Local author uses her noodle to pen new children’s book

By: Kristyne E. Demske | St. Clair Shores Sentinel | Published November 10, 2020

 “Oodles and Oodles of Noodley Noodles” is about a little girl who loves noodles.

“Oodles and Oodles of Noodley Noodles” is about a little girl who loves noodles.

Image provided by Cindy Ninni Grant

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ST. CLAIR SHORES — Lasagna, macaroni, linguini, spaghetti.

Charli is a little girl obsessed with noodles, brought to life by Cindy Ninni Grant, of St. Clair Shores.

Grant is the mother of four sons ages 29-36 years old. She taught kindergarten at a private school in Detroit before opening an in-home daycare in Farmington Hills for the children of local teachers for 20 years. When she retired, she and her husband moved to St. Clair Shores to be closer to the water. She considered becoming a substitute teacher, but her son, Ari, had a different idea.

“He said, ‘Why don’t you write that children’s book?’” Grant said. “He’s the one that pushed me to really consider that I should do it.”

When earning her master’s degree more than three decades ago, Grant had written her thesis on writing a children’s book, but at that time the only option for publishing was to get an agent and get noticed in a competitive market. But with all the resources available for self-publishing, Grant decided that now was the time to move forward with an idea she had about a book featuring a child who adores noodles.

“My husband, he eats noodles literally every day. I don’t know anybody who eats noodles like he does,” she explained. “I would make dinner and he would say, ‘Where’s my noodles?’ even though I have an entire dinner (prepared).”

That’s why “Oodles and Oodles of Noodley Noodles” is dedicated to her husband, Barry Grant.

Like her husband, the star of the book, Charli, is obsessed with noodles. Using rhyme and illustrations by Katie Weaver, Grant tells Charli’s silly, lyrical story, about a girl with an abundant imagination and a love for all noodley things.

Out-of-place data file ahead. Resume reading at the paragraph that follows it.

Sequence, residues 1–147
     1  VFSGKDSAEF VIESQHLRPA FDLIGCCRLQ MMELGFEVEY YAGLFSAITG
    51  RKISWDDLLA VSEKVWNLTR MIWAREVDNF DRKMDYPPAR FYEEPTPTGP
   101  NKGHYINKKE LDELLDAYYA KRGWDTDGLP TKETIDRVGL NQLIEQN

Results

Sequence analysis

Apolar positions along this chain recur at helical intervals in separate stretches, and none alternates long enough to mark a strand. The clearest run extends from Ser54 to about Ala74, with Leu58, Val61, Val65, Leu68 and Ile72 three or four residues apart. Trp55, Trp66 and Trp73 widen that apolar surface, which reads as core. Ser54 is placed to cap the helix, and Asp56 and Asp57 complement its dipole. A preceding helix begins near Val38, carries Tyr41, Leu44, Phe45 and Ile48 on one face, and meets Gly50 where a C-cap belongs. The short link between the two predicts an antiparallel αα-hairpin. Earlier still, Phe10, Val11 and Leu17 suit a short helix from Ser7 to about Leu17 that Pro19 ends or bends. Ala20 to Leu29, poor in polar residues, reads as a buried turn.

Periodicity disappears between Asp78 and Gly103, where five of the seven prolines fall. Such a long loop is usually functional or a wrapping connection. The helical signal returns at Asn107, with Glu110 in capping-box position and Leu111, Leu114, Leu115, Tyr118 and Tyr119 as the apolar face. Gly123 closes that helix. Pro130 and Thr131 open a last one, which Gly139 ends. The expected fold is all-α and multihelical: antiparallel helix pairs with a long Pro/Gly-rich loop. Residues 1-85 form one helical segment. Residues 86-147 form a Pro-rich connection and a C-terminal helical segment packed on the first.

The book didn’t start in its current iteration, though; the main character was initially a boy named Grayson, who was based on a child at Grant’s daycare who dined at his grandmother’s house each week on “Mac and Cheese Monday.”

Editors didn’t think it was the right fit for the story, however. The first editor thought the name Grayson was too trendy and another editor wanted to eliminate the part about him going to his grandparent’s house.

“Basically, they started getting rid of the main parts of why I wanted him in the story. That was quite upsetting,” she said. “I had to let it go, and when I was sweeping one day (I thought) it should be a girl and she should have spaghetti-looking hair.”

The girl is a compilation of a “mini-me” doll Grant owns and some girls she had over the years at her daycare.

“I have a couple different girls who think the character is them,” she said.

Although Charli is a blonde, blue-eyed girl with hair that is reminiscent of cooked spaghetti, her father is Indian and she and her siblings are a diverse blend of him and their white mother. Grant said she decided to give Charli a parent of Indian descent on purpose.

“I researched what children are least represented in children’s books,” she said.

She discovered that Indian children are the least represented, followed by Asian and Mexican protagonists. The fourth least represented ethnicity in children’s literature is Black.

“I wanted to include a lesser minority. I told the illustrator, Katie, that I’d like the father to be Indian and the family to be a blend of him,” she said.

Although “Oodles and Oodles of Noodley Noodles” was published just this summer, Grant has already written a second book featuring Charli’s family, including her Indian grandfather.

Grant said the process to publish her story was a learning experience. She met her illustrator, Weaver, through an online writing group and traveled to Weaver’s home in Virginia for four days to try to explain what she had envisioned for the story.

“You have to give them free reign after that,” Grant said. “I kept having to tell her, over and over again, it’s about noodles so we have to add more and more noodles.

“She’d say, ‘That’s not enough?’ and I’d say, no, it needs more!”

The hard work paid off. “Oodles and Oodles of Noodley Noodles” won the 2020 kidShelf Books Cover Design Award and The Mom’s Choice Award, among other accolades.

For more information, or to order a copy of the book, visit www.ninniauthor.com.

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